Two new silica plants – and with them, two new power plants – could be coming to north Iceland after three years. Although this could mean greater employment opportunities for the region, an environmentalist has pointed out that the project could devastate Lake Mývatn.
Vísir reports that the company Thorsil has formalised a plan to build two silica plants near Húsavík, in north Iceland. The aim is to have the plants completed around 2015, with the help of German company PCC. This could lead to up to 160 new jobs for the region, and 400 people will need to be hired to build the plants.
At the same time, the plants will require a great deal of electrical power to operate – 85 megawatts, to be exact. This detail troubles Icelandic environmentalist and author Ómar Ragnarsson, DV reports.
In order to generate this much electricity, part of the plan will be to increase the size and output of the Bjarnaflagsvirkjun power plant, on the shores of Lake Mývatn. As it is, the plant only generates 3 megawatts of electricity and is already mildly polluting for the lake. At the same time, run-off water from the plant will cause water tables to rise and create artificial ponds, which could have devastating environmental effects on the surrounding area as well, Ómar contends.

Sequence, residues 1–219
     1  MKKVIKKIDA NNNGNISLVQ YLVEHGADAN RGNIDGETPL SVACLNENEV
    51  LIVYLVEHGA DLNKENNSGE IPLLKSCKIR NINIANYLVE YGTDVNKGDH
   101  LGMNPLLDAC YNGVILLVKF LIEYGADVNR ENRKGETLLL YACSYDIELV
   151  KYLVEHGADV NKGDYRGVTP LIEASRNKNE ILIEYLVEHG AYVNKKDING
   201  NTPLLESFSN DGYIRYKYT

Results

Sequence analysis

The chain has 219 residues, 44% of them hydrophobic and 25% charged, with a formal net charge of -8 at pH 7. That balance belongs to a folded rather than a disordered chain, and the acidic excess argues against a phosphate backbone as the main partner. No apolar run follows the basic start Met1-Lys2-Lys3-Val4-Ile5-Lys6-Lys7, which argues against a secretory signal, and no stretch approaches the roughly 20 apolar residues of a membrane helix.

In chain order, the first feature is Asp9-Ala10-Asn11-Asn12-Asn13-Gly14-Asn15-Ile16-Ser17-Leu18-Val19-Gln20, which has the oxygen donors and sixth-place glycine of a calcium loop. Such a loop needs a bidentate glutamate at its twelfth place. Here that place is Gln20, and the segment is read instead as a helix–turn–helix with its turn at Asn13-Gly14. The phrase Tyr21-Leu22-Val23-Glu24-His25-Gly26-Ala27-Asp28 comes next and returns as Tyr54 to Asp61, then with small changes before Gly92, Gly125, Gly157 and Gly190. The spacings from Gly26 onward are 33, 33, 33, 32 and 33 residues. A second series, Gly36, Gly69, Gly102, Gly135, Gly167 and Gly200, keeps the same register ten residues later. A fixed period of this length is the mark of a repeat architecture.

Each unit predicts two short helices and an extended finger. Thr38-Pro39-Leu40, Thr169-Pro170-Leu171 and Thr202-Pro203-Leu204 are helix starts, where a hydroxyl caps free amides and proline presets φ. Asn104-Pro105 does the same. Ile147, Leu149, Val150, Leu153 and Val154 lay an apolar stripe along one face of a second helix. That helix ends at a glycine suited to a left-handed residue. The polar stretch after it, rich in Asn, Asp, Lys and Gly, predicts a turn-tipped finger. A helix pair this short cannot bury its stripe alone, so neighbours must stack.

While Thorsil is expected to do an environmental assessment for their project before any construction begins, Ómar points out that the plans do not yet take into account the effect the project would have on run-off water tables, nor the polluting effect increasing the size of Bjarnaflagsvirkjun could have on Lake Mývatn.
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